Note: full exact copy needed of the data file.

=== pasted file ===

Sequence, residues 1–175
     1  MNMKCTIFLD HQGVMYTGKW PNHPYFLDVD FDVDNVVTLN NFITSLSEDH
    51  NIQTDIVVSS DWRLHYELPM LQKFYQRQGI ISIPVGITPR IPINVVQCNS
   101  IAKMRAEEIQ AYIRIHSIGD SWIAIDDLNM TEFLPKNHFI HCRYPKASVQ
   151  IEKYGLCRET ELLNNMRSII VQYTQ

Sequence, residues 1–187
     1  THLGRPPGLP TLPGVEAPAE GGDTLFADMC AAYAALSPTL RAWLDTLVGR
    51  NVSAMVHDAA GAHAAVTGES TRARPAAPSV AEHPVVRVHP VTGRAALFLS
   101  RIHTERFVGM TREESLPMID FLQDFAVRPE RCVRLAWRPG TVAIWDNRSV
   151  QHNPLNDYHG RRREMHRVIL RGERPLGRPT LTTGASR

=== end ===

Sequence, residues 1–175
     1  MNMKCTIFLD HQGVMYTGKW PNHPYFLDVD FDVDNVVTLN NFITSLSEDH
    51  NIQTDIVVSS DWRLHYELPM LQKFYQRQGI ISIPVGITPR IPINVVQCNS
   101  IAKMRAEEIQ AYIRIHSIGD SWIAIDDLNM TEFLPKNHFI HCRYPKASVQ
   151  IEKYGLCRET ELLNNMRSII VQYTQ

Sequence, residues 1–187
     1  THLGRPPGLP TLPGVEAPAE GGDTLFADMC AAYAALSPTL RAWLDTLVGR
    51  NVSAMVHDAA GAHAAVTGES TRARPAAPSV AEHPVVRVHP VTGRAALFLS
   101  RIHTERFVGM TREESLPMID FLQDFAVRPE RCVRLAWRPG TVAIWDNRSV
   151  QHNPLNDYHG RRREMHRVIL RGERPLGRPT LTTGASR